The U.S. has over 600,000 existing bridges, and thousands of new bridges are built every single year. Not all make headlines – there are far more 20-foot overpasses built than there are engineering marvels – but all are critically important for the health of American infrastructure.
The Critical Role of Bridges
Bridges don’t just help people and vehicles move from place to place, although that is their most visible function. Bridges in fact serve as the support structure for millions of miles of utility pipes. Everything from natural gas to fiber optic cable runs through pipelines suspended from and attached to bridges throughout the U.S.
Without bridges, pipelines would need to be buried, sunk, or suspended in the air. Bridges solve the simplest issues of logistics, but they also protect these utilities from threats like weather, animals, and even terroristic tampering. Bridge-attached utilities are far easier to access and maintain than utilities installed underground.
When to Install Bridge-Attached Utilities
The maintenance backlog for America’s existing bridges is in the billions of dollars, so it’s natural that repairing and retrofitting older bridges get the lion’s share of media attention. What outside observers often fail to understand is that (a) a majority of bridges reaching the end of their determined lifespan (usually around 50 years) were designed to do so and that (b) proper planning and maintenance has a dramatic impact on the lifespan of a bridge and its supported utilities.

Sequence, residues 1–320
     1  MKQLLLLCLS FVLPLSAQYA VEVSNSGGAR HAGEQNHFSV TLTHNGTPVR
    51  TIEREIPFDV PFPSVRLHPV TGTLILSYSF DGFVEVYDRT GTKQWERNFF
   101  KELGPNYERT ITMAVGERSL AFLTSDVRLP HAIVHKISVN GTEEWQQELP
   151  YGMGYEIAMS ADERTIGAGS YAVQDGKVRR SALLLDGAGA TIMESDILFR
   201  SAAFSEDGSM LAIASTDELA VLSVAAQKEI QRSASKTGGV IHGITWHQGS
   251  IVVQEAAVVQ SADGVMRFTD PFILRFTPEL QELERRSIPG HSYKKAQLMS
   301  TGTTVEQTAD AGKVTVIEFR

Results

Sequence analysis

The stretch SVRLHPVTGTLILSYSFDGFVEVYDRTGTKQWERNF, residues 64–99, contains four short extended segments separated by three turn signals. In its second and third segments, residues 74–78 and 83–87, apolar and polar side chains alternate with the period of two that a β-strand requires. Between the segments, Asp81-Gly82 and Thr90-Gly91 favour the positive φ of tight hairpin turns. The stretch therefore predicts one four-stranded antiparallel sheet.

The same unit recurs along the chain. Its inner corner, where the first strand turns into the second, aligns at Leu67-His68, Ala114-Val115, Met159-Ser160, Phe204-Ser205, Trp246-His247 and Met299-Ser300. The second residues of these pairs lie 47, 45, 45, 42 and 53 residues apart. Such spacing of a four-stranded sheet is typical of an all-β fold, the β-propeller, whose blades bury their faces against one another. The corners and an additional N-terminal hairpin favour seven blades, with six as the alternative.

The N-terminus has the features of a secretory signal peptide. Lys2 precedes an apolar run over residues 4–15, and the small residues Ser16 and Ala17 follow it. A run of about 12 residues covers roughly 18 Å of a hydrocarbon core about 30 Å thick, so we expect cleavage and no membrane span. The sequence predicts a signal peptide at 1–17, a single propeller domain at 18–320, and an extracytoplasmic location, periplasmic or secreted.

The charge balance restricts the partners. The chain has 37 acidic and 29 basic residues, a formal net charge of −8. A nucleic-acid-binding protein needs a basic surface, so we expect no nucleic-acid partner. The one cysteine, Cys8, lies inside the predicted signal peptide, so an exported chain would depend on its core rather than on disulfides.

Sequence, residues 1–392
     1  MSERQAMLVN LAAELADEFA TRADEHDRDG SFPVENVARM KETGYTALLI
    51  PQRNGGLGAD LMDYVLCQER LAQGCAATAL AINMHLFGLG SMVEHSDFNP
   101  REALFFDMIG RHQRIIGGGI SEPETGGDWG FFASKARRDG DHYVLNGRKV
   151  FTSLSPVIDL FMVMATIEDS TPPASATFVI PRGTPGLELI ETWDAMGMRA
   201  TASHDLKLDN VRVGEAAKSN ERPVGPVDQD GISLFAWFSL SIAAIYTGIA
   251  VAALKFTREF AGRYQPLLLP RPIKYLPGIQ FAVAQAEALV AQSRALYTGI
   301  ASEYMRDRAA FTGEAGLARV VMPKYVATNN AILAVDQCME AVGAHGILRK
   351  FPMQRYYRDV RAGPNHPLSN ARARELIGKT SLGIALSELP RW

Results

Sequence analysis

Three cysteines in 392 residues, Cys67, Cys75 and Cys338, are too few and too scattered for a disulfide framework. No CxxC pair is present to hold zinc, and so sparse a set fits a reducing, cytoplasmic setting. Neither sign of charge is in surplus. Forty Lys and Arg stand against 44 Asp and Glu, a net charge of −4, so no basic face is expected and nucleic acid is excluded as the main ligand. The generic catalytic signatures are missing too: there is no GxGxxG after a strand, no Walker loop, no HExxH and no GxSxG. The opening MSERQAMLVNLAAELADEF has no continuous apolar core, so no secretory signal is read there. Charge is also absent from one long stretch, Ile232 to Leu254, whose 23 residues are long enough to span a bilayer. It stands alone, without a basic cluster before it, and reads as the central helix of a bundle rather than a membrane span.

Here are a few reasons why bridge-attached utilities should be installed by experts in conjunction with the construction of a new bridge, not after-the-fact:
- Holistic design always creates a higher-performing product. When utility pipelines are considered during construction, the entire structure can be designed and built with pipelines, joints, and maintenance access points in mind.
- Integrated design reduces the risk of unforeseen consequences of a new utility installation, such as the weakening of a bridge component or stress on a structural support.
- When designed specifically for a place and time rather than implemented ad-hoc, utility components can be matched specifically to the bridge including its materials and aesthetics.
Aptus installs bridge-attached utilities on new bridges all over America. Our experienced technicians work hand-in-hand with bridge developers to ensure a cohesive strategy. The more forethought given to utilities’ impact on a bridge’s performance (and vice versa), the more successful construction typically is.
Would you like to speak to our team about how to implement bridge utilities into an existing or future bridge design project? It’s our area of expertise. Reach out today to discuss your options or to schedule a call with one of our regional technicians.
When it’s time to consider how utilities figure in to your next bridge project, it’s time to Go Aptus.